The advent of the solid-state laser, however, further revolutionized the industry. Unlike CO2 lasers, solid-state lasers use a Laser Active Material (LAM) that is in solid form (e.g., YAG or quartz crystal). This enables the laser to produce light in such a way that eliminates the need for maintenance within the resonator or along the beam path. It also decreases the operational costs of the system.
Furthermore, solid-state achieves higher energy efficiency and greater beam density than its CO2 laser counterpart. This results in significantly higher cutting speeds in the thinner range of material. These improvements, combined with the ability to cut a more diverse range of materials, including reflective non-ferrous materials such as copper and brass, has seen the laser move from a “would like to have” to a “must have” for sheet metal fabricators.
A solid solution
When the laser was first considered a stable and workable device in the 1960s, it was a “solution looking for a problem.”
Now that it is well accepted for cutting sheet metal, developments in solid-state laser technology have made it possible to use the laser for joining metals. This is growing in popularity due to the speeds achievable, the strength of the finished product, the flexibility of the joining methods, the material types able to be joined and – perhaps most interestingly – the reduction or elimination of downstream processes while simultaneously improving the cosmetic quality of the product.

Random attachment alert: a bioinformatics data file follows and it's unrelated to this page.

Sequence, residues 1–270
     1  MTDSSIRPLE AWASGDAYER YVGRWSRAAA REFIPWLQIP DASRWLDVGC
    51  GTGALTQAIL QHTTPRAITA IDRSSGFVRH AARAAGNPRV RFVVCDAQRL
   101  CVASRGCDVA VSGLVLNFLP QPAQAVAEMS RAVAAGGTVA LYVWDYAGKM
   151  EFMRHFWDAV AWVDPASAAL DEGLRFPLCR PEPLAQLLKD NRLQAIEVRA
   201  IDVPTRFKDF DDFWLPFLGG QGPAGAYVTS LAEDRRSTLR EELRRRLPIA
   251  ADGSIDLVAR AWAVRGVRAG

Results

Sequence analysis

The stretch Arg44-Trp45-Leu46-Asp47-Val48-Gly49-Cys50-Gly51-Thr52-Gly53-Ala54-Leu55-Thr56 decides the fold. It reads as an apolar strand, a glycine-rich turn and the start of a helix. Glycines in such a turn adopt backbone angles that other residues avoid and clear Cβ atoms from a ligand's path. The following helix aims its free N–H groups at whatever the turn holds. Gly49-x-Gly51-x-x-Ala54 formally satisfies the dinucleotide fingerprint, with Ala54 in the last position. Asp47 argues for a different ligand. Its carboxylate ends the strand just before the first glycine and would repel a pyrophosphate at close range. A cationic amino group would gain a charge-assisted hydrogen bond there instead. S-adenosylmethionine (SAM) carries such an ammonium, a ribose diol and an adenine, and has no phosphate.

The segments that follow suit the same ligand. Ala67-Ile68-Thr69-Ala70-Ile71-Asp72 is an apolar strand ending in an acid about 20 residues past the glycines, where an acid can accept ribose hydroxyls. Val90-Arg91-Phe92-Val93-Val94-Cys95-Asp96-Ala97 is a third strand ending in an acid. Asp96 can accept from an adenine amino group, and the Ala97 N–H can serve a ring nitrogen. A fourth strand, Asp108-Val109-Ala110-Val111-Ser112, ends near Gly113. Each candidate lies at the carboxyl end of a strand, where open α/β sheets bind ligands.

The lack of grinding or finishing requirements and presence of little to no distortion of the material due to minimal heat introduction from laser processing are examples of this. The objectives are similar to laser cutting: make a better part and spend less money doing it.
With widespread expertise in industrial applications for laser processing, Trumpf offers multiple turnkey solutions for laser welding: Lasers ideally suited for mass production (with either a CO2 or solid-state laser resonator) or as a highly flexible tool ideally suited for the sheet metal industry, such as the TruLaser Robot 5020 with a solid-state TruDisk laser that was introduced at Fabtech Atlanta.
Trumpf introduced its TruLaser Robot 5020 in a production cell concept. This concept was unique, demonstrating the TruLaser Robot’s ability to share the laser beam source located on a laser cutting machine (in this case, a TruLaser 2030 fiber).